India's growth rate will be accelerated. But in the process, medical would also benefit. Outsourcing information technology revolution, the access to India's-- human resources, India's pool of scientists. It will also help American companies to become leaner, meaner, more efficient. And they become more competitive both in the United States and in dealing with the rest of the world.


I wanna talk about all those economic issues. Let me stay with the strategic issue for a second. There are those who say the president would like to have a counterbalance to-- to China. That India serves-- because of all these interests, economic as well as-- cultural and as well as the-- sharing democracy, as the best way for the United States to have a counter-availing relationship-- for China.

PM: Well we are not in competition with China. I had a very good discussion with the president-- on this subject. And I think there was a complete unanimity of views. Both of our countries believe China is very important. The future growth of China-- China's influence is bound to rise.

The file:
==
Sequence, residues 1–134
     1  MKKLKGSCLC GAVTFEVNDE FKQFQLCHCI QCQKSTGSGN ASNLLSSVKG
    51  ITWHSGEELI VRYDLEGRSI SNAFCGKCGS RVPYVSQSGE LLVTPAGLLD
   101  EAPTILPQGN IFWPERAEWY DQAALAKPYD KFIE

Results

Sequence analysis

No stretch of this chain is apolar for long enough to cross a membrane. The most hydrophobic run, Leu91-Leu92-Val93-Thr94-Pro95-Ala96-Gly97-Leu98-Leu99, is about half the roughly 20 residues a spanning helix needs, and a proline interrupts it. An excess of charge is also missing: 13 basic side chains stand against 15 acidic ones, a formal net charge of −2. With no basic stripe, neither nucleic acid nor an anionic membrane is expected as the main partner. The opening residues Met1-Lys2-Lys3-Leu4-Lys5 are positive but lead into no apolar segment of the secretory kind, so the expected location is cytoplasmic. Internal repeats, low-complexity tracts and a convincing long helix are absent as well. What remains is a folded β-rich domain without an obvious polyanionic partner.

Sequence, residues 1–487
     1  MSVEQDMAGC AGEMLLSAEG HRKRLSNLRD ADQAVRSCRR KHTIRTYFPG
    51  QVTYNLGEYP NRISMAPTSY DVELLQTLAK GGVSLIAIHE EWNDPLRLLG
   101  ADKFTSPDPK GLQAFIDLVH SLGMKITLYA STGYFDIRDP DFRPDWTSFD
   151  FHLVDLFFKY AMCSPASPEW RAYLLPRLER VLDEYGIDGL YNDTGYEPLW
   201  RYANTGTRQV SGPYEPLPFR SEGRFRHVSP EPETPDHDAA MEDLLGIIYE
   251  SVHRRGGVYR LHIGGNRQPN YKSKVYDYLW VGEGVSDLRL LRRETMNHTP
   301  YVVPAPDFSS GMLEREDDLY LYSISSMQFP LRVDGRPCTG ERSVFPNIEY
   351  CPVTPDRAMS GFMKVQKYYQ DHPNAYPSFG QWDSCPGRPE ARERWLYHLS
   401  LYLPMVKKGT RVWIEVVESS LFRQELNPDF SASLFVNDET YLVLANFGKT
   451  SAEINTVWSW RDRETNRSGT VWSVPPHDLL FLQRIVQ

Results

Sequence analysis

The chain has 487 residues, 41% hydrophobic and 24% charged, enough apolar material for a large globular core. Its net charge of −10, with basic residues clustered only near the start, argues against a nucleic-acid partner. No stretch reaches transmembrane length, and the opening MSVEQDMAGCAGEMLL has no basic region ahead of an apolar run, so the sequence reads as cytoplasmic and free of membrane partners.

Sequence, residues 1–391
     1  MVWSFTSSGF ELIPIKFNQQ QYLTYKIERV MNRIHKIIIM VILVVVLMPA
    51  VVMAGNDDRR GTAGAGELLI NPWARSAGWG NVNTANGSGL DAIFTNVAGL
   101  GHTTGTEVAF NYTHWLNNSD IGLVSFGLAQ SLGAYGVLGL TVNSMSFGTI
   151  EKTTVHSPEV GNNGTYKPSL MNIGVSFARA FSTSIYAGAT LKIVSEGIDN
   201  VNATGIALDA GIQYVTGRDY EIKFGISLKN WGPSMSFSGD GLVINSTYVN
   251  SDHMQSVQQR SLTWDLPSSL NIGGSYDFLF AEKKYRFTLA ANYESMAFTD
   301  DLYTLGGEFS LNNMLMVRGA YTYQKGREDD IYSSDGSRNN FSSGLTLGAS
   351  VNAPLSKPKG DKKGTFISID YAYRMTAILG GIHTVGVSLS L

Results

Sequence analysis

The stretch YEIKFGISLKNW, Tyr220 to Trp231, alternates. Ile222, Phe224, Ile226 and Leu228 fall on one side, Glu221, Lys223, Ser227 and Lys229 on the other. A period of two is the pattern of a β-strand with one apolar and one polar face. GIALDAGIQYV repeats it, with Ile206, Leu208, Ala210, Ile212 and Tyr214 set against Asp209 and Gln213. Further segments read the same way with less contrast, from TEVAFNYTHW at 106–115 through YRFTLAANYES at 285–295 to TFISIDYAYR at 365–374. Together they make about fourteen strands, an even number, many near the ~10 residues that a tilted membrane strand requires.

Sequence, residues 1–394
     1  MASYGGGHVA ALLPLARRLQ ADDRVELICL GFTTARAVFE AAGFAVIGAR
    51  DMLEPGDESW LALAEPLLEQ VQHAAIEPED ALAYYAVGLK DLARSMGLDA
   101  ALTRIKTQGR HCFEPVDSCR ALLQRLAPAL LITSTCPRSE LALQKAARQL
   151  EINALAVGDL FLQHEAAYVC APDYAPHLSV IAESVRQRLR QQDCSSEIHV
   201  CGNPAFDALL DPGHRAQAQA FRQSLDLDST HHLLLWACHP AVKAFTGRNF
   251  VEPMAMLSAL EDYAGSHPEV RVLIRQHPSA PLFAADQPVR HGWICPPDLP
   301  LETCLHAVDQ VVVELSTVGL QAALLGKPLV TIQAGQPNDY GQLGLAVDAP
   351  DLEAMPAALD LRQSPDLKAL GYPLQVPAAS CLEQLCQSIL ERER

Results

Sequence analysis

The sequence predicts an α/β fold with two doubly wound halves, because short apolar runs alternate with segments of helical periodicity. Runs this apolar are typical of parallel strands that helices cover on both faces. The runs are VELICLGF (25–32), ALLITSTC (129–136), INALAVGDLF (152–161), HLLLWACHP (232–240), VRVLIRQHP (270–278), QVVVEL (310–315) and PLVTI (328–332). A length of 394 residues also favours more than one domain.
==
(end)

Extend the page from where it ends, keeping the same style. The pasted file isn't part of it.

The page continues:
And we all believe that we must remain engaged with China. We have differences with China with regard to the border issue. We are making a sincere effort to resolve-- resolve those differences. And the president told me that's precisely what we should do I think. He says the United States also wants to remain engaged with China.

But I also believe that without looking-- at each other as rivals or as competitors, in a democratic India operating in the framework of an open economy, an open society, has I think some significance for developed-- developing countries not only in Asia but outside Asia.

CHARLIE ROSE: President said he didn't want to-- I think his words were, "I don't want to-- contain China." But he doesn't think that one country should dominate in the region. Do you share that idea?

PM:Looking at history, I think that would be an appropriate model.

CHARLIE ROSE:Does-- does India-- want to help contain China if that's America's policy?

PM: As I said, we are not in-- competition with China. We are not part-- are not going to be a part of any alliance against China. And I do believe that the present Chinese leadership wants to make a success of its modernization.